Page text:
I recently read a story told by a blogger that I admire, who told a story about when she visited Pakistan – she was told off by her mother for smiling at a man in a supermarket, and told that she should at strange men. She may consider it to be  friendly, but they may construe it to mean something else.
I could certainly understand her resentment – and what I dislike is that the onus seems to be on the women to limit herself, and hide herself. Whatever happened to the male gaze? Why not break apart the idea that the responsibility lies with the women and how she must take care in how she looks, who she looks at, and how her actions are responsible for her situation?

So I guess when it comes to red lipsticks, I resent the fact that there is a lingering mentality that to wear red lipstick is to be brazen, overly-confident and ‘modern’ – and it’s even worse to me especially, that a lot of the comments I have received, and other girls get, are from older women in our society. I believe there is so much more to women that shouldn’t be reduced to how much make-up they wear, that  being confident isn’t a negative thing, and that perhaps things like red lipstick shouldn’t be treated like a dirty thing.

Below, a picture of all the red lipstick I own.

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City Sunsets in Canary Wharf

I’ve been a busy bunny these days, so it feels like I hardly get time to blog. It’s frustrating as heck because I have a few blog posts to write and a few book/food/cupcake/city reviews to write and I keep getting caught up with domesticity!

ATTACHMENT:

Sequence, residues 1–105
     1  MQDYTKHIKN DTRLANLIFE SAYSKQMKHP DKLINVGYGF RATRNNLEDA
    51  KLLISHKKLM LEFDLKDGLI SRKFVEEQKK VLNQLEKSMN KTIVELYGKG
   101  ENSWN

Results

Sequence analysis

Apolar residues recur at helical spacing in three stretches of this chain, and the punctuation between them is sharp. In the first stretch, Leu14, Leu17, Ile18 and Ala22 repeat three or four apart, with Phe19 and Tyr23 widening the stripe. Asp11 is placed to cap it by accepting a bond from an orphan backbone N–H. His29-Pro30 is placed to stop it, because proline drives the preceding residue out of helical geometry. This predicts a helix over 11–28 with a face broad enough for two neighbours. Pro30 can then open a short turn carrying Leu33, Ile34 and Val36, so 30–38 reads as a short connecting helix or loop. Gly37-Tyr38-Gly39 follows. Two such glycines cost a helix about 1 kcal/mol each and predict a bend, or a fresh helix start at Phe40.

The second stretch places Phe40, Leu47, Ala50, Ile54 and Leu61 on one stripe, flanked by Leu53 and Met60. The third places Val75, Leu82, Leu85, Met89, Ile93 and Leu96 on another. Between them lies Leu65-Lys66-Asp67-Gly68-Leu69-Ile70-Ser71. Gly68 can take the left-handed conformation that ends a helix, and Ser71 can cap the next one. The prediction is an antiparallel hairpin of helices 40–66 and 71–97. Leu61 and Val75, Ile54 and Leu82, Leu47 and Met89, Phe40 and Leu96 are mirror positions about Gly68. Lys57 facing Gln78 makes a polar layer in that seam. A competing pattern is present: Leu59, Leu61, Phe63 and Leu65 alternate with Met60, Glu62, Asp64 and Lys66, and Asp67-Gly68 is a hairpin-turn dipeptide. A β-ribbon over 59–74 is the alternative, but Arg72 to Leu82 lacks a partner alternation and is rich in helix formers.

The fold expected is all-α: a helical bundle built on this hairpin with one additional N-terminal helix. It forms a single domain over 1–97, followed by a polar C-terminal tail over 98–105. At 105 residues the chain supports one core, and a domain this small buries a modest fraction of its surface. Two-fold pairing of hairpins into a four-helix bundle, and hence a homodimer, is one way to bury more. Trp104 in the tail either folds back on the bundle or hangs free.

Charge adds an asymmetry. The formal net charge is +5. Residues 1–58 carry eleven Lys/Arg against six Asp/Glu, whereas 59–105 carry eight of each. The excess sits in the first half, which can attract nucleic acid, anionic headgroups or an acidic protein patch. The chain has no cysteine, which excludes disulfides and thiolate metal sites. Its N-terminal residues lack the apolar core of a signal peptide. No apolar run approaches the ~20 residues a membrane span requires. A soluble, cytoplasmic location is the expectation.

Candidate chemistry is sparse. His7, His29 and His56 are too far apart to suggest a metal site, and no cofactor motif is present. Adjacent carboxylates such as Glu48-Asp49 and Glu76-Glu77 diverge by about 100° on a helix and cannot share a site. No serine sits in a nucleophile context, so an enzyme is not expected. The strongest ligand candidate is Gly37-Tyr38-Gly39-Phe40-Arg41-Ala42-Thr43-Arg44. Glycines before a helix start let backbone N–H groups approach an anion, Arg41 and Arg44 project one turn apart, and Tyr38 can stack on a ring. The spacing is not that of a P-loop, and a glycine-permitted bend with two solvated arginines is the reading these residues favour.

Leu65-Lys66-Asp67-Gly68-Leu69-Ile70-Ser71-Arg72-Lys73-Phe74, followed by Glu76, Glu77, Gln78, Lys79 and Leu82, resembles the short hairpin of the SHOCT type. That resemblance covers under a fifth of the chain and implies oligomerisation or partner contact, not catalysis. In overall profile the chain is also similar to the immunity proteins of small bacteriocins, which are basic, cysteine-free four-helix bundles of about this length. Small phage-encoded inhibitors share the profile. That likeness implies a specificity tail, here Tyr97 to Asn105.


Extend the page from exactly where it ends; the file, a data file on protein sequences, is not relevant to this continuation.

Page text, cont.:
I’ll do my best to post this weekend, but in the meantime, here’s a beautiful sunset hubby and I caught last week while dining in Canary Wharf. I feel like I don’t see enough of these (either the day is too long or the sky is too grey!), so this was a special one for me – first sunset picture in ages!

Happy weekendings all, I’ll be posting soon!

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Quirky Bookstores & Libraries: Sokol Boosktore in Chelsea

I have always loved looking for quirky buildings which add a little character to London – and Sokol Bookshop does just that. This is a bright red bookshop I found while wandering past in Chelsea which looks more like a giant, old-school Toy Store, adding a splash of colour to the area. Interestingly enough, this bookshop specialises in medieval texts and manuscipts, which I saw a glimpse of in the window display.

Is it me, or does this book-store seem like something found in the middle of a traditional European village?

A Grand Entrance

Its not often I get a chance to stop at beautiful gates like this, but naturally when they come on a beautifully grand scale like this, a picture must be taken. It brings me to mind stories that I’ve read in the past where the hero (or heroine) has to reach the gates fast enough to get their happy ending – or even Greek Tragedies like Orpheus and Eurydice‘s tale of lost love. Inspiring enough to try my own hand at a fable like this, if I manage to finish it, I’ll post my story!

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One Year Today…!

Every love story is beautiful but ours is my favorite.

Today is my first wedding anniversary with my husband, and it’s amazing to see how time flies. It’s been an adventurous year for me, but also a really lovely one, and it’s only given a flavour of all the things we want to do over the next few years – we’ve travelled, dined out, laughed at silly movies and eaten plenty of chocolate along the way.